theory

The pull in business models: 3 types of Attractors to look for

Thursday, January 29th, 2015

So you need to know what your customer will love? What excites them? What moves them? This of course allows you to begin the process of designing a business model that delivers to both the customer and the business. Traditional business motivations are usually a push approach. But is this the future? Guest post by James Streeton-Cook

Right now, let’s make something better than what’s out there, something really cool and we’ll beat the competition and make a mint.

Since you are reading this post then we can assume you know better.

Current business thinking it is all about what the customer needs. So let’s pull out the Henry Ford standard about ‘faster horses’ for that one. Enough of the push!

Power of Pull – It’s a Lean Thing

Lessons from Lean Business have taught us the power of pull systems. »The core idea of lean is to maximize customer value while minimizing waste.«

When creating something new, some new value, be that a business model; product or service; or even a new industry platform – value is pulled into arrangement (not pushed) by Attractors involved.

The same thing happens in nature and as far as I know is current thinking for the formation of the universe. So with a bit of imagination, pull will also be relevant in business model innovation. It is a non-linear thing and most of everything is made up of non-linear systems. A river flows down hill. Why?

The pull in a good value proposition: 3 Types of Attractor

There are 3 types of Attractors to look for in your discovery, insight and understanding of what will excites your customer.

  1. Point Attractors
  2. Path Attractors
  3. Strange Attractors

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Knowing the Value within your Business Model is vital

Thursday, July 18th, 2013

Knowing where to start in designing a business model or simply just even trying to describe it to others can be difficult. You need to explain its value. The great advantage of explaining this through a business model canvas that looks for value constantly does help. This a guest post by Paul Hobcraft, an Agility Innovation Specialist.

Business Model Canvasfluidminds approach to exploring and explaining the business model does just that- it focuses on focusing the mind on the value within the business model.

The first value point is in the Value Proposition

Naturally we all look to the Value Proposition to explain the business model but like a car you should always look ‘under the hood’ to see the engine and what gives a car its performance. Equally you should stand back from the proposition and ‘take in’ all that makes this up. For a car it is the styling, the design, the promise and what or who is behind it. We look to buy on a given ‘promise of value’ and in having the benefits explained it allows us to believe and ‘see’ the potentials. A business model, well designed and described, does just that. It confirms the (new or existing) value that makes up the new business model.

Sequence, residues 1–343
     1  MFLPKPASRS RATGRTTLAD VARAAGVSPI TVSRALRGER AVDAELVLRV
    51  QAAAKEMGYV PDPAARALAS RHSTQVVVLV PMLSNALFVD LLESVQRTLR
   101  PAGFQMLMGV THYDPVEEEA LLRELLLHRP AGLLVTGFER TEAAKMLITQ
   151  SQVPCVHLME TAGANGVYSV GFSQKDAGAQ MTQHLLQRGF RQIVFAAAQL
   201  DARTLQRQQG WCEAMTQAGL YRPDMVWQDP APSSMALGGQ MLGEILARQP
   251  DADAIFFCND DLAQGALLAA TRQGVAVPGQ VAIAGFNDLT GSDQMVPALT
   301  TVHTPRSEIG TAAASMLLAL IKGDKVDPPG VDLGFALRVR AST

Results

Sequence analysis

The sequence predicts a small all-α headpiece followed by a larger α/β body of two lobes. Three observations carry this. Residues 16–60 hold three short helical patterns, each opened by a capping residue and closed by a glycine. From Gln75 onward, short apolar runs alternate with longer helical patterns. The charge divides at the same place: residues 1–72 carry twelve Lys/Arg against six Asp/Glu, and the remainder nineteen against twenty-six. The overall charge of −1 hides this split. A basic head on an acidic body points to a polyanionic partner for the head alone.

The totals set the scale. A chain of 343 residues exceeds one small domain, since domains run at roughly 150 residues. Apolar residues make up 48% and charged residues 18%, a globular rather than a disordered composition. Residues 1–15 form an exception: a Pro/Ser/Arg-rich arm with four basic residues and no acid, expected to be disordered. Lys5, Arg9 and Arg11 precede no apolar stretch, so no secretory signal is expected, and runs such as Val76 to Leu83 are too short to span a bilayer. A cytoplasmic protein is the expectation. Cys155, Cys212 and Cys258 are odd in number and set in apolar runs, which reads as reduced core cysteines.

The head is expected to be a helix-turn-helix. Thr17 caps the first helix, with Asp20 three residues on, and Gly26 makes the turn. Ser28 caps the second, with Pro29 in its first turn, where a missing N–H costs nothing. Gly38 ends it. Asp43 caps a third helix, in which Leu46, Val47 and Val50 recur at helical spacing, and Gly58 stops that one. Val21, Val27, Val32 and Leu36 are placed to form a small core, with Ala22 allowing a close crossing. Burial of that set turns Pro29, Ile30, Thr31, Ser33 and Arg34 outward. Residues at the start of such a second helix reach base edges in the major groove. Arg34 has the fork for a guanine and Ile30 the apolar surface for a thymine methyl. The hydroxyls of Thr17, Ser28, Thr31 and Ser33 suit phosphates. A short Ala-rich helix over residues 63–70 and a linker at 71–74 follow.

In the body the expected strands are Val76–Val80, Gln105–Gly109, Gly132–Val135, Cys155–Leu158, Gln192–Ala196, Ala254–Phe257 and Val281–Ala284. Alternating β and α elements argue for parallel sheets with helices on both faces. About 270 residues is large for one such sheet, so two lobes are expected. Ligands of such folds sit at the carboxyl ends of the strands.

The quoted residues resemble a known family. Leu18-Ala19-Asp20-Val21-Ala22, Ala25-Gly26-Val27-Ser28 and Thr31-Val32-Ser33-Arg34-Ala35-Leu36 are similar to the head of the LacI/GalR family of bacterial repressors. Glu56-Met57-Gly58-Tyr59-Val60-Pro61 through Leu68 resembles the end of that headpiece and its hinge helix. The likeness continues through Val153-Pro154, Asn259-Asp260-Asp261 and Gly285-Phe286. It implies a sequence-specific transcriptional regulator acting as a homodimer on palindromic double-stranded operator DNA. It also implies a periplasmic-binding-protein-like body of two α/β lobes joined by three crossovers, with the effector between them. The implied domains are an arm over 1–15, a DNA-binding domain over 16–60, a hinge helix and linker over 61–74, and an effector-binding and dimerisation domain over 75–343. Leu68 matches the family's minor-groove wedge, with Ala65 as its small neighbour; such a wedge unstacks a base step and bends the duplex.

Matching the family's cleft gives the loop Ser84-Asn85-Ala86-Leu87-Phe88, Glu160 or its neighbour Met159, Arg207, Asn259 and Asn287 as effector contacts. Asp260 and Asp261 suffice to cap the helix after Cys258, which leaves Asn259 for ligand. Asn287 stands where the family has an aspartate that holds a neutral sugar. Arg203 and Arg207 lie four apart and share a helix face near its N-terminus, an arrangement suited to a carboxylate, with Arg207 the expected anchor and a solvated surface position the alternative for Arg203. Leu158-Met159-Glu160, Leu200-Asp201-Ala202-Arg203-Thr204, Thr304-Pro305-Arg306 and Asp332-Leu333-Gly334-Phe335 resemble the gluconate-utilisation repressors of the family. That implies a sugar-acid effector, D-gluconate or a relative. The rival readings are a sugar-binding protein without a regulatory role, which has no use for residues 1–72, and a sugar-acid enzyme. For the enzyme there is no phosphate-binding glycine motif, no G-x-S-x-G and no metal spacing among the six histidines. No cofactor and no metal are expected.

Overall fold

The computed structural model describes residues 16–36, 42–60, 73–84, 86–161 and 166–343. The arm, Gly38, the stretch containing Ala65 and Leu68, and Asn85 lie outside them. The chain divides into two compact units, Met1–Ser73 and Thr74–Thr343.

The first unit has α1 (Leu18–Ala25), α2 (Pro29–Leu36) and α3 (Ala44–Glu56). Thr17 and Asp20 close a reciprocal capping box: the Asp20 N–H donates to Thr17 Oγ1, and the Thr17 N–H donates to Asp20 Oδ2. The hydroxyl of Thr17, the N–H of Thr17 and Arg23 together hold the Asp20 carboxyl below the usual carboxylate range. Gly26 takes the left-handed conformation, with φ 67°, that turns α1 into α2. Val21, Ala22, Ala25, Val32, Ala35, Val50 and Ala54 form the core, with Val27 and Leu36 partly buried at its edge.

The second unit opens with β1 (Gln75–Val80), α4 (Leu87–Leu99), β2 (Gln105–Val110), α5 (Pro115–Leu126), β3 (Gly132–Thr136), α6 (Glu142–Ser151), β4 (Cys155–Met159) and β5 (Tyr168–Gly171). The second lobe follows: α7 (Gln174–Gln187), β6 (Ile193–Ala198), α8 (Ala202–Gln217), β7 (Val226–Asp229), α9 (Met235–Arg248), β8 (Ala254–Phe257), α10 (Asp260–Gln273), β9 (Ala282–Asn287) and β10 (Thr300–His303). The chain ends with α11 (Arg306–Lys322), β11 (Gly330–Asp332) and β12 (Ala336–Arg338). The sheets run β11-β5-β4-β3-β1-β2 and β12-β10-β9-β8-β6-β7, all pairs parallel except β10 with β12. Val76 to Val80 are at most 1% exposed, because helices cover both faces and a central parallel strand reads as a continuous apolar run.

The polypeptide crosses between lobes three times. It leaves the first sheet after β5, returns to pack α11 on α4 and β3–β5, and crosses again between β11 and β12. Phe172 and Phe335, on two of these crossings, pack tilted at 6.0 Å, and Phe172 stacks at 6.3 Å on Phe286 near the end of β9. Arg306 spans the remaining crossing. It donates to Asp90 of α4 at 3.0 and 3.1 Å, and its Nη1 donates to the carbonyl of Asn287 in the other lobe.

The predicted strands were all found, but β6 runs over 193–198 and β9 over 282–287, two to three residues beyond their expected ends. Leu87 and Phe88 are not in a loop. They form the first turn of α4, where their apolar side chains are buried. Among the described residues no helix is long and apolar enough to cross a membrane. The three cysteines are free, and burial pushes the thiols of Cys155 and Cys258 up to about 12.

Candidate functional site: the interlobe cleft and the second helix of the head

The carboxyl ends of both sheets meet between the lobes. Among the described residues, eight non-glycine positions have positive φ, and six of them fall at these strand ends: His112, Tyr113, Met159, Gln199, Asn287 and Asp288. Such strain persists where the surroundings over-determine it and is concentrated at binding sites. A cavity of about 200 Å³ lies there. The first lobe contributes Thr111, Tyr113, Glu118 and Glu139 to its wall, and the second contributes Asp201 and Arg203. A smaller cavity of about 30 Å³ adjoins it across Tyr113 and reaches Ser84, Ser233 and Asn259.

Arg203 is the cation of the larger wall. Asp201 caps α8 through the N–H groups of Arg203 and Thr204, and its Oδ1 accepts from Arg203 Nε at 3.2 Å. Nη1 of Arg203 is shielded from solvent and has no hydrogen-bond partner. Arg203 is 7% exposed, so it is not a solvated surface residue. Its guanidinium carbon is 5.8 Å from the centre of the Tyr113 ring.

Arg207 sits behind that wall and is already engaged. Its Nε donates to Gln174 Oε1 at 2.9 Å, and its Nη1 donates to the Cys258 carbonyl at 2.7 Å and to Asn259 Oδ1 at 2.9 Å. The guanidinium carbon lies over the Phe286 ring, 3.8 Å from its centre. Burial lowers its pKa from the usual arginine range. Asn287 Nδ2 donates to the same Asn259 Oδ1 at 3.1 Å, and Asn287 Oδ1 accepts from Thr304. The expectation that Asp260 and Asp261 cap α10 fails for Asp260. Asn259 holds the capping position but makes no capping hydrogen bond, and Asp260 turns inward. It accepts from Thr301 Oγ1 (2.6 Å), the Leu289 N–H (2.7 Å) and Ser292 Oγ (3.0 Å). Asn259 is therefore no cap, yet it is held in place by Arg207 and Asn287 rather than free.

The value proposition shapes much; it identifies and defines where this business model is providing new offerings that advance on existing benefits to customers. The fluidminds business model canvas seeks out the customer and the customer benefit- it is looking to provide value by identifying where there is a clear fresh, new proposition.

Value Proposition on the Business Model CanvasWe do have to recognize a value proposition is not just looking to resolve the known jobs-to-be-done. In many new business models can be bringing together often fragmented parts of existing offerings and combining them in new ways, or deliberately and completely disrupting existing businesses through adapting new insight, technology advancements or understanding, into new business models. We only need to think of Apple and how it combined different technologies, revolutionary design and applied new materials into stunning, game changing products that changed our thinking of the actual jobs we thought about into totally different ones, which totally undermined existing business value or perceptions. Those become game changers. (more…)

Four core questions you need to answer for any great business

Monday, November 28th, 2011

Thanks to the business model canvas people are enthusiastic to build new business models and find business model innovations, but often they get lost in technocratic details. They just see building blocks but they forget the overal logic every great business needs.

Actually, you as an entrepreneur have to answer just one core question: Why should your firm exist on this planet? You need a Daseinseinsberechtigung (right to exist) for your firm. This is a very philosophical question. To be more operational, you can break down the Daseins question into four core questions. But still the answers will not come with a pure analytical process but with creativity and lot’s of empathy for your customers and their jobs they want to have solved. 

The technocratic approach is useless for finding love (source: http://xkcd.com/55/)

The four core questions on your business model canvas